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In re Vaccaro

Decided: June 11, 1974.

IN THE MATTER OF CHARLES VACCARO, DECEASED


Halpern, Matthews and Bischoff.

Per Curiam

Petitioner Rose F. Vaccaro appeals from a decision of the Board of Trustees of the Division of Public Employees' Retirement System (Board), denying her application for disability retirement benefits under Option 1 of N.J.S.A. 43:15A-50.

The relevant facts are undisputed. Petitioner is the widow of Charles Vaccaro (decedent) who died on November 12, 1971, and is the beneficiary designated by decedent under Option 1 to receive the benefits of his retirement allowance. Decedent had been employed by the State Department of Transportation since 1952 and was a member in good standing of the Public Employees' Retirement System. During the summer of 1970 decedent was stricken and hospitalized with lung cancer. He returned to work but was again compelled to stop work because of his illness, and he was given a leave of absence from June 10, 1971 to September 10, 1971. During this three-month period he received medical treatments, of various types, in an attempt to arrest or cure his cancerous condition. By July 26, 1971, the doctors determined that decedent's illness was terminal, and that he would be unable to return to work.

On July 28, 1971 decedent filed his signed application for disability retirement benefits under Option 1 of N.J.S.A. 43:15A-50,*fn1 with the request it be effective as of August 1,

1971. The application was received by the Board on July 30, 1971. Due to decedent's inability to go to a doctor's office for a physical examination, the Board on August 4, 1971 directed Dr. Leo Goldman to examine decedent at his home. On or about September 1, 1971 decedent was again hospitalized for his illness, and the Board was notified on September 3, 1971 that Dr. Goldman had not yet made the examination. By letter of September 7, 1971 the Board directed Dr. Howard Levenson to make the examination at the hospital. Dr. Levenson made the examination on the same day, and his report of September 17, 1971 was received by the Board on September 20, 1971. On the next day the Board sent decedent's application, together with the supporting medical data, to the Board's Medical Review Board for its consideration. The Medical Review Board's report of October 4, 1971 was then sent to the Board. On October 19, 1971 decedent's retirement application was granted. It took 2 months and 20 days to process decedent's application.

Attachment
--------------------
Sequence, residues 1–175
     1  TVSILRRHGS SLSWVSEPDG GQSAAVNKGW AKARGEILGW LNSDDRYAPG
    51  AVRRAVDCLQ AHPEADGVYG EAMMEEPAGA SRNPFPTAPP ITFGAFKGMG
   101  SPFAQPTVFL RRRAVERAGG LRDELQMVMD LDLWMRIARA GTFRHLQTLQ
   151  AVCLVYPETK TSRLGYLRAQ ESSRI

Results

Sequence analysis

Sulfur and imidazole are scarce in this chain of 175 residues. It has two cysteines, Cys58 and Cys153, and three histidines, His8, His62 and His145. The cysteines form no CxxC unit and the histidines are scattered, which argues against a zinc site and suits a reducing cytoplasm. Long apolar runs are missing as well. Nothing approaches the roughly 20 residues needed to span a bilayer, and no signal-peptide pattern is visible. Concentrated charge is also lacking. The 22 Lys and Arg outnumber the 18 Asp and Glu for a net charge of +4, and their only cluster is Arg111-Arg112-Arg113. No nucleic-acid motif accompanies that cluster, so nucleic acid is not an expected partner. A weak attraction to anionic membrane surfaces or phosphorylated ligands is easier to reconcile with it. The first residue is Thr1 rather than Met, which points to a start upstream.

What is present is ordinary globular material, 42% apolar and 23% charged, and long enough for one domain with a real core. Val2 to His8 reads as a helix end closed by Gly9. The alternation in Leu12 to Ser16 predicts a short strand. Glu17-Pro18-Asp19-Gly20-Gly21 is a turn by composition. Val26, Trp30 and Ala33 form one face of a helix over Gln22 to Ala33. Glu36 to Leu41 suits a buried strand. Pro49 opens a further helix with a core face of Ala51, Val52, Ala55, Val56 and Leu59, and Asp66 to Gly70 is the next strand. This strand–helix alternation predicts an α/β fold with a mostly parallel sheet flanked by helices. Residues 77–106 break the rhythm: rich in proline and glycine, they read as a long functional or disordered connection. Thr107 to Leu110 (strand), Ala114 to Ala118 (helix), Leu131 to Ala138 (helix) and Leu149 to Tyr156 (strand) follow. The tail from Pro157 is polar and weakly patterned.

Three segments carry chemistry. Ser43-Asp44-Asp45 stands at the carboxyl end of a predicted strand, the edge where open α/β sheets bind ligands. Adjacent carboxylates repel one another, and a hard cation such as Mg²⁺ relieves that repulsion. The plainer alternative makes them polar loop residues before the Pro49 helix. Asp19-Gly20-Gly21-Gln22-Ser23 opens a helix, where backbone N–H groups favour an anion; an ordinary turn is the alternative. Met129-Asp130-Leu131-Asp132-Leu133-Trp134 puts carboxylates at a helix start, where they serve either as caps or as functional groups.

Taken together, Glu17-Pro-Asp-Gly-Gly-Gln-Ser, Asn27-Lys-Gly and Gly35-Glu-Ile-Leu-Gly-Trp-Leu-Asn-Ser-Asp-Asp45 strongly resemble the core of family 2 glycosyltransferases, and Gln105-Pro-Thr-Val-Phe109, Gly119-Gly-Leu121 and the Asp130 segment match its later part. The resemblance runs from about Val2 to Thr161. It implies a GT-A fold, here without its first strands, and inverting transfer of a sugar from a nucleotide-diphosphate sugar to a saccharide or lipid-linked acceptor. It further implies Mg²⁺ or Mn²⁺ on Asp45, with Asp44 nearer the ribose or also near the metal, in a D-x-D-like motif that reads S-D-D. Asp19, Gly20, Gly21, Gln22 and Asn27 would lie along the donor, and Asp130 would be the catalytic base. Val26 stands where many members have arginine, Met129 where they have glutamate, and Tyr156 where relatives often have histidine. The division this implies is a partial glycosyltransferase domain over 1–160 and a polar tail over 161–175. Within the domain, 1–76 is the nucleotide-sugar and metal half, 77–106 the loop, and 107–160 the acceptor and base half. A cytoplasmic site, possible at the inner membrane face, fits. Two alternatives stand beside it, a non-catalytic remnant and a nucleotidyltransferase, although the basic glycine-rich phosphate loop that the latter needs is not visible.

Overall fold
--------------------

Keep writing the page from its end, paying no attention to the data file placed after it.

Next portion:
The Board denied petitioner's claim for retirement death benefits on the basis that decedent had died on November 12, 1971, within 30 days of the date of the granting of his application on October 19, 1971. At the hearing before the

Board's designated Hearer, petitioner asserted that the Board improperly invoked the statutory time requirements since it was the Board's inefficiency in processing the application that permitted the 30-day statutory limitation period to be set up as a bar to the claim. The hearer determined the application was handled in a proper businesslike manner, and since petitioner failed to show bad faith on the Board's part, he recommended the application be denied. The Board, after considering the record, adopted the hearer's recommendation.

The narrow issue on appeal is whether the Board, with full knowledge of decedent's terminal illness, processed his application with reasonable dispatch. Unfortunately, the statute does not designate how soon an application should be processed. It merely denies benefits under Option 1 if the applicant dies within 30 days "after the date of retirement [here August 1, 1971] or the date of board approval [here October 19, 1971], whichever is later, his retirement allowance shall not become effective and he shall be considered an active member at the time of death."

Normally, pension statutes should be liberally construed in favor of employees eligible for retirement. In re Application of Smith, 57 N.J. 368, 374 (1971). We must assume that the Legislature intended that retirement applications be processed promptly and with due diligence, depending upon the circumstances existing in each case. Therefore, the Board's failure to act with due diligence should not bar recovery of benefits to one otherwise legally entitled thereto.

The Board's sole contention is that it did act diligently, and that it processed decedent's application within the normal time span of between two and five months. It asserts that for the year 1971 it acted on about 550 retirement applications. It stresses the fact that it is difficult to get doctors to make necessary physical examinations at a patient's home. The record indicates that in processing applications the Medical Review Board convened twice a month, and the Board of ...


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